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  Arts Culture Analysis  
Vol. 3, No. 4, 2004

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marc a. j. fortier's

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Painter and sculptor Marc André Jacques Fortier was born in Montreal in 1961. Since his first exhibition in 1986, his painting and sculptures have been exhibited widely in Canada, the United States and France. Among his best known public works are the fountain at the Corporation de gestion de marchés publics de Montréal (1996) and the mural at the Burrard Commercial Centre in Vancouver, BC (1988). He has distinguished himself as an artist of immense talent and originality by winning First Prize, “The Art of the Automobile,” sculpture, Toronto, 1999 and the prestigious Bronze Palm Medal, Biennale de Paris, 1993. In 1992 Fortier received a grant from the Ministry of Cultural Affairs of Quebec. His oeuvre is extensively exhibited internationally and is part of permanent collections including that of the Bata Museum, Toronto, the Armand Bombardier Museum, Montreal, the Municipality of Laval (Quebec), the Municipality of Terrebonne (Quebec), the Claridge-Bronfman Collection, Montreal, the Richmond Art Museum, Richmond (British Columbia), and the Royal Canadian Mint Collection in Ottawa. His works have also found permanent homes in many private collections around the world.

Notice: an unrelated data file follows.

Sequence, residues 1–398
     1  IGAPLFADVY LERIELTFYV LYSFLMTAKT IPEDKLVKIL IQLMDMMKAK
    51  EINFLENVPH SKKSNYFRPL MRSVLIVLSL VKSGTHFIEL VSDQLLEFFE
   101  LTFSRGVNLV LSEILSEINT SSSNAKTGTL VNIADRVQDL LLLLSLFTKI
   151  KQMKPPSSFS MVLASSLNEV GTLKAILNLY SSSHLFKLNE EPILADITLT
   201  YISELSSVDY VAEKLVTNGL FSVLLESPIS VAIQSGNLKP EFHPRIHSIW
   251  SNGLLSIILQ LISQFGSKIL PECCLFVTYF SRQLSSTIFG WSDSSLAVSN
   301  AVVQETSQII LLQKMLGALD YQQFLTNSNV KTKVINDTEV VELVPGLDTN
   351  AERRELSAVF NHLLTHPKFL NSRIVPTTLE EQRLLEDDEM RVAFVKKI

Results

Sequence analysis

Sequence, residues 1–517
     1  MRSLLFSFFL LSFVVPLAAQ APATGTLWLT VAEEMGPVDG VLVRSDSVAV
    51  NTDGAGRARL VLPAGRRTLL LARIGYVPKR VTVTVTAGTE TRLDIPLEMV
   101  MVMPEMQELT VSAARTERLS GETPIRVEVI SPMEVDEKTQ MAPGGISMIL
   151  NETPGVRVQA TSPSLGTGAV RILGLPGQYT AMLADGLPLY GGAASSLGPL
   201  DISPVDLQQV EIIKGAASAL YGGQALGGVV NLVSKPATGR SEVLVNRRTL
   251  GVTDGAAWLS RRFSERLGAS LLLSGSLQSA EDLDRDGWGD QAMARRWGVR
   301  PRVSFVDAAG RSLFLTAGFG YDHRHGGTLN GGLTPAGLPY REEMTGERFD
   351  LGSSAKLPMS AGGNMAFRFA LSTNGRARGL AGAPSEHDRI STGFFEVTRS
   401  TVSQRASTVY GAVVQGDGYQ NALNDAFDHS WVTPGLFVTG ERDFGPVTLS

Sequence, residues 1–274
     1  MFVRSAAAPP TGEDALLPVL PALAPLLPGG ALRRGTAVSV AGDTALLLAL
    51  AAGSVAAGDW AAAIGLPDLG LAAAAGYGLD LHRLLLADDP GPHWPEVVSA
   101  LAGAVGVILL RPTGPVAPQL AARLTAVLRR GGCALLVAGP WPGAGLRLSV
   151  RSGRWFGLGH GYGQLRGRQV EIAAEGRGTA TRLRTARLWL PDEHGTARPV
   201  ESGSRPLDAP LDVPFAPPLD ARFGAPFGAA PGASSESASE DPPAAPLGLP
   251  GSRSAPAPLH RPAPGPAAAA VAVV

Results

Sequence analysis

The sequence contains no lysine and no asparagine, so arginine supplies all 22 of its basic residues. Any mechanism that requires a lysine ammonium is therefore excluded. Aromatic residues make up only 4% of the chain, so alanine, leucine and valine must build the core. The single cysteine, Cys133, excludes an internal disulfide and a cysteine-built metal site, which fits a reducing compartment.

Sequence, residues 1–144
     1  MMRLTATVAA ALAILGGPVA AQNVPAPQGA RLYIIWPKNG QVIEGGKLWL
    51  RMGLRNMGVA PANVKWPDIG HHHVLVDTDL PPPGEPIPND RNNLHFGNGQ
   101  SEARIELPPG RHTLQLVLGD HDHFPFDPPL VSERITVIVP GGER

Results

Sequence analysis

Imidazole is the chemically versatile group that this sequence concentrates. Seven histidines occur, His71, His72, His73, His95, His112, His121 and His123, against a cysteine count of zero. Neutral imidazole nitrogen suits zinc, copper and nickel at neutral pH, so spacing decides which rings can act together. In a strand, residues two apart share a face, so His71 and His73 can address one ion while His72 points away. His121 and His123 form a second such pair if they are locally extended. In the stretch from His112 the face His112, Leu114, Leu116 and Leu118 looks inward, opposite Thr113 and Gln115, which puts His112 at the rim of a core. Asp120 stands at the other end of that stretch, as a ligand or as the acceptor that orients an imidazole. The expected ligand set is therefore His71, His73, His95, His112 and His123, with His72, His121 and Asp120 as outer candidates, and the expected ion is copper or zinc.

Woman behind Man
bronze sculpture, 10th ed, 32"x22"x17", 2004

Sex, sexy, sexual, kinky, fetish, erotic, libidinous, hot stuff, provocative, shady, bawdy, daring, dirty, earthy, foul, gross, hot, immodest, indelicate, indiscreet, inelegant, juicy, lewd, lurid, naughty, obscene, off-color, offensive, provocative, purple, racy, raw, ribald, salacious, salty, sizzling, smart, smutty, spicy, suggestive, wicked. These are some of the words uttered by the public upon viewing Marc A. J. Fortier’s exhibition at the Berensen Gallery this past spring. The fact of the matter is that in a Montreal plagued this past spring and summer by very commercial and boring exhibits, Fortier’s showing was one of the best and certainly the most refreshing.

Woman behind Man
oil on canvas, 89" x 49", 2004

Those who are compelled to define the style of every artist could pigeonhole Fortier’s work as classical. I prefer to acknowledge his talent and strong feel for matter, form and color. Simply said, this artist uses his tremendous technical ability to communicate. Through his work, Marc A. J. Fortier draws from his life-experience to narrate his own story in ways that convey his emotions, ideas and opinions. Fortier has a very powerful and distinct voice that is sometimes surprising in an artist of his age. Speaking clearly and loudly, his latest exhibition refreshes because he has something to say -- or perhaps something to get out of his system-- and he meets his aims immediately and directly. Yes, his exhibition is about sex and the relationships between men and women but what ultimately stands out in Fortier’s work -- and in this presentation in particular-- is his message. Unlike many other artists, he is not trying to please anybody in order to bust sales; his retrospective collection is cohesive and confident and stands on its own merits.